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Question for admins: i vs e for describing conditions

This is a question for an admin. Having finished the Duolingo course, I'm now watching Can Seo. I've noticed that: Duolingo says: Tha i fuar. Can Seo says: Tha e fuar. Are both accepted in everyday speech? Is the origin of this in Duo the "dummy i" I've heard about? Or is it that "i" is generally used for weather and "e" to refer to the day? Or something else?

Thank you!

February 13, 2020



There is a bit of debate in the Gaelic speaking community over whether weather is masculine or feminine, however, most people assume it's feminine.

So either or is fine for describing weather but "i" is more common. That being said though, latha/là are both masculine. So it would be acceptable to use e if describing the day as cold (for example).


Thank you for your quick reply! This clears up a lot of confusion for me.


Wait till you get to Mairead's version of "Tha an t-eagal orm." I think we have definitely decided she's wrong.


Actually I already have! It sounds strange so I decided to stick with Duo's version. The weather/day thing is much more common so I really wanted to understand it. I'm guessing there are other differences but I'll just have to ask as I go along. Thanks for your help!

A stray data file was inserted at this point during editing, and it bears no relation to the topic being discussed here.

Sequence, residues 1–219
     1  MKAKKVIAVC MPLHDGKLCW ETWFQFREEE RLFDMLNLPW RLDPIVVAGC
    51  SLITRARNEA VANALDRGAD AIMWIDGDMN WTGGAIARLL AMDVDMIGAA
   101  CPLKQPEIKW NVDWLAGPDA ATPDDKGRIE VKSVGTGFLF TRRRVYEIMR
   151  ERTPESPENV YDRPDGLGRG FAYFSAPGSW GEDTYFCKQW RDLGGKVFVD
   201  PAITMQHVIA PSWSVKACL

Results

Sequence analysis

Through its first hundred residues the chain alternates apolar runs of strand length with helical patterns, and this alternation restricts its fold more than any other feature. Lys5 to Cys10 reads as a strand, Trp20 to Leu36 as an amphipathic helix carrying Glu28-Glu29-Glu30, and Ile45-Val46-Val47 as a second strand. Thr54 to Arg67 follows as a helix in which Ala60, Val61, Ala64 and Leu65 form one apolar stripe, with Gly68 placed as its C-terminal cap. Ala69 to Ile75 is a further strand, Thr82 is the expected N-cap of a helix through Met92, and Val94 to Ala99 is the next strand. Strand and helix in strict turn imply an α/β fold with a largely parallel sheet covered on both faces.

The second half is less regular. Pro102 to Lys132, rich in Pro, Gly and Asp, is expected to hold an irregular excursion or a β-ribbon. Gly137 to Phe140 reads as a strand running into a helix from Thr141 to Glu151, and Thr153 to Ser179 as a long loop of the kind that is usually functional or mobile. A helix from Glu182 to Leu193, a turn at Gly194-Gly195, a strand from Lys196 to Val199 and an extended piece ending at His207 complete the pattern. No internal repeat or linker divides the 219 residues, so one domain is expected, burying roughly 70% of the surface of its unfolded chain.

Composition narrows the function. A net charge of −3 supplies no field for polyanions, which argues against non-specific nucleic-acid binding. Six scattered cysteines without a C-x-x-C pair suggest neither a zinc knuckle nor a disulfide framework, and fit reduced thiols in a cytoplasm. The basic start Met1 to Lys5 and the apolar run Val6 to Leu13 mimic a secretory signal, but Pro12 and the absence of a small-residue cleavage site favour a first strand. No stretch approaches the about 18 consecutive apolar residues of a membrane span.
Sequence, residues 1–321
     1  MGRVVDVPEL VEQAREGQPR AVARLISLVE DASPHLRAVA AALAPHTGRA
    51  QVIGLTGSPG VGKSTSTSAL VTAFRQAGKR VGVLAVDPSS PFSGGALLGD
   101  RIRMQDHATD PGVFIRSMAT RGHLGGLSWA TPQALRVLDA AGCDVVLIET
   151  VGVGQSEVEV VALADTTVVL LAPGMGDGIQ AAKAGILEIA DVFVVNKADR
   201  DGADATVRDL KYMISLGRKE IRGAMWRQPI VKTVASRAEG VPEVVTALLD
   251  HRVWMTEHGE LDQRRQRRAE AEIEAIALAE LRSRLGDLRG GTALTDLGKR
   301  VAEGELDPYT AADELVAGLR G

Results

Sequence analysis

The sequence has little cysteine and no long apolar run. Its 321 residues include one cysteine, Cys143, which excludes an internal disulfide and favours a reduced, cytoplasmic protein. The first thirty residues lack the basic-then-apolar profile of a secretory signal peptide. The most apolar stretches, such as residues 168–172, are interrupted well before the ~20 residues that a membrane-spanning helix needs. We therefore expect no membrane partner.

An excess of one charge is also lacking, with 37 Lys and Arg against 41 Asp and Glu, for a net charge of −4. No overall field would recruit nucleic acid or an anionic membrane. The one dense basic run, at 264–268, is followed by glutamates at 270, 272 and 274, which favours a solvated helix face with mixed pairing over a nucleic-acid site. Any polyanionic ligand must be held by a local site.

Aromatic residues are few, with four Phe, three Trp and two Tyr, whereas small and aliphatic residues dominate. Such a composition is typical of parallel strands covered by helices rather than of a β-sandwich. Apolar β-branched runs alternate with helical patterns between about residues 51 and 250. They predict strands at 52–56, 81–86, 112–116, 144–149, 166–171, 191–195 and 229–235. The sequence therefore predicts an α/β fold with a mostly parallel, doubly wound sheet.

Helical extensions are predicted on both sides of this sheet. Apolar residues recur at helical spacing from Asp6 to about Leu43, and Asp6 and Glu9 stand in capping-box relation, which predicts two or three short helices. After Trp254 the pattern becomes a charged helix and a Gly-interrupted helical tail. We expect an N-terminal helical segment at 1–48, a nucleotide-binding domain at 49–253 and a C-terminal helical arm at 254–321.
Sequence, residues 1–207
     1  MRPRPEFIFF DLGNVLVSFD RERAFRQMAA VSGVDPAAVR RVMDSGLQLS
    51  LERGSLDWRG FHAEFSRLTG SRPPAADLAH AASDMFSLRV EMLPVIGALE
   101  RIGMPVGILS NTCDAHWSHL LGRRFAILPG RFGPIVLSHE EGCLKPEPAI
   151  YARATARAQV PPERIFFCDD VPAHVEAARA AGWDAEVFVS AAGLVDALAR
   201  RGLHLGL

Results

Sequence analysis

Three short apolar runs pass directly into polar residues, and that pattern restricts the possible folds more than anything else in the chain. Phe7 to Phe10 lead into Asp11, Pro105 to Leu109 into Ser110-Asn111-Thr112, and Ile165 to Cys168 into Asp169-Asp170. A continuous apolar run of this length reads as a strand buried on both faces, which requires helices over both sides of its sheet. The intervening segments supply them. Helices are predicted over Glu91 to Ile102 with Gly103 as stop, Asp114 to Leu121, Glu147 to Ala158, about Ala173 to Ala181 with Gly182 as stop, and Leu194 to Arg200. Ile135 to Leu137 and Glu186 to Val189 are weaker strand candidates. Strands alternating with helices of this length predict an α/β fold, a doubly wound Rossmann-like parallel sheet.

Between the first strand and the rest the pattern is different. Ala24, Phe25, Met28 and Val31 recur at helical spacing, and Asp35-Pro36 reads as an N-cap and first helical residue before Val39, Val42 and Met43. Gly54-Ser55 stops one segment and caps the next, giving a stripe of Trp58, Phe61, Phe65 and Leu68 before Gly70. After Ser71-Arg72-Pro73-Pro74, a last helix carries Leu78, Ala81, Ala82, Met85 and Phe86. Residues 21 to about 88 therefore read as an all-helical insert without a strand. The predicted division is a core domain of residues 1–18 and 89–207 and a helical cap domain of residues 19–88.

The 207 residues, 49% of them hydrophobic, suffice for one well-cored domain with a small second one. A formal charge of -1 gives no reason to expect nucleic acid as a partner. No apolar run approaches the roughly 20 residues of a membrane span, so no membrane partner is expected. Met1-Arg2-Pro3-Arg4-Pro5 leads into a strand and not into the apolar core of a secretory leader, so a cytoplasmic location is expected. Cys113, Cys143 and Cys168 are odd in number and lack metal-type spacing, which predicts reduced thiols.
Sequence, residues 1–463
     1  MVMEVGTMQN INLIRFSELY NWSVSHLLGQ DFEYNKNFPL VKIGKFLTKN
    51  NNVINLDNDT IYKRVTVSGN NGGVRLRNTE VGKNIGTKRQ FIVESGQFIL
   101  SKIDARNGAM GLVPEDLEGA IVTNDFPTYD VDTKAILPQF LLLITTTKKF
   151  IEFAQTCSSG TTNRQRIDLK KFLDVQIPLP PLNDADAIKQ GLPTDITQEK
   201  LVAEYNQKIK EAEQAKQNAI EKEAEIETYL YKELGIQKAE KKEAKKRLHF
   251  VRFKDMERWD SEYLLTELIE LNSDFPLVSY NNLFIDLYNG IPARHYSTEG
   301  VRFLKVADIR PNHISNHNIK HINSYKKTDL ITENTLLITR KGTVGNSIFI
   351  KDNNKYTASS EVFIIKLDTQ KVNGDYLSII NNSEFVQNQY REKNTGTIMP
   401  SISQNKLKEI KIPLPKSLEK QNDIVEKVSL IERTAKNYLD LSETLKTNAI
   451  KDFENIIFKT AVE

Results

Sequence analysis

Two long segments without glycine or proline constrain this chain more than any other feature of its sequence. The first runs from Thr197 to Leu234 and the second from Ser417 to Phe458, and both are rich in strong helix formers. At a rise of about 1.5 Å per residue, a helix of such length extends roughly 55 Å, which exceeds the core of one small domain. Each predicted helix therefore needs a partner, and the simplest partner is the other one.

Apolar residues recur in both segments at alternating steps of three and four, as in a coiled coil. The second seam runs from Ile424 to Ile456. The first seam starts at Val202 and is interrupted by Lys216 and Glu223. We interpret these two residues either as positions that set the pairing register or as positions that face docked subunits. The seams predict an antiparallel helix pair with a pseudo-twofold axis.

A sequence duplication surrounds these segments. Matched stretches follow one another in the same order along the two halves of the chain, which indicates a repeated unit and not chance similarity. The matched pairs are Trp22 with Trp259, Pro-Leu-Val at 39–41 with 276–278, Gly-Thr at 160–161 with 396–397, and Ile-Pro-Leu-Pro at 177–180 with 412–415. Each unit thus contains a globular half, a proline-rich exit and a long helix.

Someone had a word for the "Tha eagal orm" thing meaning an expression of mild regret, and if I could remember which thread it was in I'd post it. An expression derived by translating an English idiom word-for-word into another language where it doesn't belong. Nowt wrong with "Tha mi duilich" which she'd already covered, so I don't know what that was all about. I'll be interested to know what she tells us to say if we're actually frightened.

ETA: I found it. Robbie Kerr said this is called a "calque". Although Joanne seems to be accepting the version without the definite article as being OK as an expression of mild regret.


Yes, I followed a link of Joanne's to that earlier this evening. Interesting.


Just a wild speculation on my part, but I guess it might be a dialectal thing. Irish uses version without the article, eg. tá eagla orm ‘I am scared’, tá fearg oraibh ‘y’all are angry’, tá tart uirthi ‘she is thirsty’, tá ocras orainn ‘we are hungry’, etc., I don’t think you ever see those with the article in Irish – and Irish and Gaelic used to form a dialectal continuum, so perhaps there are places in Scotland where more Irishy phrasing is the default?


That is a long way above my pay grade! (Although I'm told that the Gaelic spoken by my father's family was half way to being Irish.)

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